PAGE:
7. “Don’t Keep Me Waiting” (Femme Fatale)

In the months leading up to the unveiling of 2011’s Femme FataleDarkchild stoked fans to an absolute fever pitch while describing his contributions to the project. He revealed that Brit was heavily involved in their collaborations and was effortlessly jumping cross genres. Although the majority of the album was tailored for the clubs with slick dubstep breaks and candy-coated productions, the producer took the pop princess in an entirely different direction on the Travis Barker-assisted “Don’t Keep Me Waiting.” After experimenting with a rock edge on tour in 2009, the “Toxic” hitmaker growled across a hard-hitting drum line from the Blink-182 rocker. The release begins with an emboldened demand to turn the mic up and features some of Britney’s most confident vocals to date as she searches for sexual satisfaction.

6. “Phonography” (Circus)

Lady Gaga’s “Telephone” was up for consideration for the tracklist of 2008’s Circus; however, Team B ultimately decided to pass on what would become a top 10 hit. Their reasoning was that Brit had already recorded a phone-centric track for the project, “Phonography.” Whereas Mother Monster’s offering was about being smothered by constant communication, the Bloodshy & Avant-assisted selection was a more intimate affair. “I make no apologies, I’m into phonography,” Spears coos over an unhinged production before asking her boy toy to call her up for some old fashioned phone sex. Her delivery is a little more lusty than it was when she handled the same subject matter on 2004’s “Don’t Hang Up,” but the result is equally seductive.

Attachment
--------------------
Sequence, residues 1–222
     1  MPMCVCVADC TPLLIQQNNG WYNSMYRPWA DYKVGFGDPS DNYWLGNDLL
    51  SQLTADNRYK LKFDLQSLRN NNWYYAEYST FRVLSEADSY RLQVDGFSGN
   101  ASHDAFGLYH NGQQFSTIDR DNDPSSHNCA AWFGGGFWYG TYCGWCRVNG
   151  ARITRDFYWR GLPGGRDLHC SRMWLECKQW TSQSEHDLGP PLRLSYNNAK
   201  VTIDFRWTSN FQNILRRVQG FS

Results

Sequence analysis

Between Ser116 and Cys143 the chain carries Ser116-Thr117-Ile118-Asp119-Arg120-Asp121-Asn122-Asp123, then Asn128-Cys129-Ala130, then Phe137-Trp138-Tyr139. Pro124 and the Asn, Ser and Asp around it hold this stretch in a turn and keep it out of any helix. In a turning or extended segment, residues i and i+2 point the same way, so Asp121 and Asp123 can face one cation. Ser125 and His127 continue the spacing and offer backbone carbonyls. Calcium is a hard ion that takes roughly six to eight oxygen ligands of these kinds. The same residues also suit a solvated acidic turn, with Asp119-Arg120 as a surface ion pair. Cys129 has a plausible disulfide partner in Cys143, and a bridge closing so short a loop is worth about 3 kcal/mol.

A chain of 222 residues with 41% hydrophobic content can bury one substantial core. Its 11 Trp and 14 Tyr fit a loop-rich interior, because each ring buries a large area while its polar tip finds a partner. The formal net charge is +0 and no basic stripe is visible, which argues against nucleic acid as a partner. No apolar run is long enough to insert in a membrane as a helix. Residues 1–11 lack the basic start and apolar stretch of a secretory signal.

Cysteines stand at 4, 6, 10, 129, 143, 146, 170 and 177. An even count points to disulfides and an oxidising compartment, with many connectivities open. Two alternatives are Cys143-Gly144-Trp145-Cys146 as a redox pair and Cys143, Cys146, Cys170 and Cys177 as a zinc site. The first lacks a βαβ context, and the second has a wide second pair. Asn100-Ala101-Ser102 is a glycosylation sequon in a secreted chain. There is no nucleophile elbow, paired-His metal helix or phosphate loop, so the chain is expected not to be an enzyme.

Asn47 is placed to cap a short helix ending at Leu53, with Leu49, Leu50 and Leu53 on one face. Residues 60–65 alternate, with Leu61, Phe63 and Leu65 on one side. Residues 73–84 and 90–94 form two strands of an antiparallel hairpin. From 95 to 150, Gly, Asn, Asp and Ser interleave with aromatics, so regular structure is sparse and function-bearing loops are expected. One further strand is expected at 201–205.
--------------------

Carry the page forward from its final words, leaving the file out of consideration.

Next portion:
5. “Better” (Glory)

2016’s Glory was released into a different pop soundscape than any Brit had encountered in the past. The days of dubstep-infused dance floor anthems or saccharine-sweet pop gave way in the face of trop pop’s sweet synths. While the project largely avoided the sound, the 35-year-old embraced it wholeheartedly on the BloodPop-produced “Better.” With writing from Justin Tranter and Julia Michaels, the summery anthem was an ode to being open in a relationship. “Gotta open up ’cause it feels much better, when we open up to each other,” she croons. After the kitschy come ons of “Hold It Against Me,” this release showed that the pop star was looking for something more than sex this time around.

4. “He About to Lose Me” (Femme Fatale)